Can a Divorce be Amicable?

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Going through a divorce can be a very emotionally challenging time for both parties involved. The breakdown of a relationship may not only affect the spouses, but also their children and family too. There are many factors to consider when going through a divorce or dissolution of a civil partnership. This includes the division of assets, finances and child custody and maintenance agreements. 

Expert Family Law has access to an experienced panel of divorce lawyers who are able to assist divorcing couples throughout the entire process.

They ensure parties receive the most appropriate legal advice for their unique situation. If you would like to find out more about how a family law solicitor on our panel can assist you, please get in touch with us today. 

Can a divorce be amicable?

A divorce can be amicable in certain circumstances. An amicable separation or divorce refers to a situation where a married couple decides to end their marriage in a peaceful and cooperative manner, without significant conflict or hostility.

In an amicable divorce, the spouses work together to reach agreements on issues, without resorting to litigation or adversarial legal battles.

Key characteristics of an amicable divorce may include:

Open communication: 

Open communication is often the starting point for an amicable divorce. Both spouses are willing to communicate openly and honestly with each other to discuss their needs, concerns, and priorities.


Spouses are willing to collaborate and compromise to find mutually acceptable solutions to issues related to the divorce. These may include as money and property division and child custody arrangements.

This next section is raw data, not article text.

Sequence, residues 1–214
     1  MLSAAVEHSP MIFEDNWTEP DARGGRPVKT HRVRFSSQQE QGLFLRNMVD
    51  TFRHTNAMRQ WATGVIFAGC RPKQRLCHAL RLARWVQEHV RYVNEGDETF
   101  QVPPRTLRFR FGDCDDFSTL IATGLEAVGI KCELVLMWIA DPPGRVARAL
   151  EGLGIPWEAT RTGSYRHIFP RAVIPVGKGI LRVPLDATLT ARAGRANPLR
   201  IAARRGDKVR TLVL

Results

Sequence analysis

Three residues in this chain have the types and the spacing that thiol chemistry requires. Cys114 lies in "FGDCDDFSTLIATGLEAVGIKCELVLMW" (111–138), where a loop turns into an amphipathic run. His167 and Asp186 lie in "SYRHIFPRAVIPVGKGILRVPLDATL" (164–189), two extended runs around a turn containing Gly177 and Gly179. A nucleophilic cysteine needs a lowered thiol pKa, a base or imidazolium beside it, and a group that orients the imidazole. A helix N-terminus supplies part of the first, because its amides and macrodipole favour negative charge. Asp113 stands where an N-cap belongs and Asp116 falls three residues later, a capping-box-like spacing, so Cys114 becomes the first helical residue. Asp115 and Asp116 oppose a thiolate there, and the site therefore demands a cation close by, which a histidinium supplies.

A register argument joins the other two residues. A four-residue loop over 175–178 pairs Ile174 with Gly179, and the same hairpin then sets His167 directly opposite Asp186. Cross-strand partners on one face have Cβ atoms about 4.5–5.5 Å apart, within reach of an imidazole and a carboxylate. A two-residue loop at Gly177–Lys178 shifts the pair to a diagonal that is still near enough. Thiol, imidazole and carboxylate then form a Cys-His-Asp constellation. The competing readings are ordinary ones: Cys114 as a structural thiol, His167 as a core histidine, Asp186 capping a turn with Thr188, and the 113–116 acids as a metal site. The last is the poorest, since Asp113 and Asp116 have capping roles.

There is mutual respect between the spouses, even though they are ending their marriage. They may acknowledge each other’s contributions during the marriage and aim to part ways with dignity.

Minimal conflict: 

Unlike contentious divorces, where disputes often escalate, an amicable divorce typically involves minimal conflict and avoids unnecessary confrontation or hostility.

Focus on the future: 

Rather than dwelling on past grievances, spouses in an amicable divorce focus on planning for their future lives separately, as well as co-parenting effectively if they have children together.

While an amicable divorce may not be possible in every situation, it can offer numerous benefits. These may include reduced emotional stress, lower legal costs, and a smoother transition to post-divorce life for both spouses and any children involved.

Many divorcing couples choose mediation or collaborative divorce processes to facilitate an amicable divorce. This is often done with the assistance of trained professionals such as mediators or collaborative lawyers.

The process of an amicable divorce

If a couple agrees to separate amicably, the divorce and court process can be relatively straightforward and less contentious.

Agreement on Terms

Mutual agreement: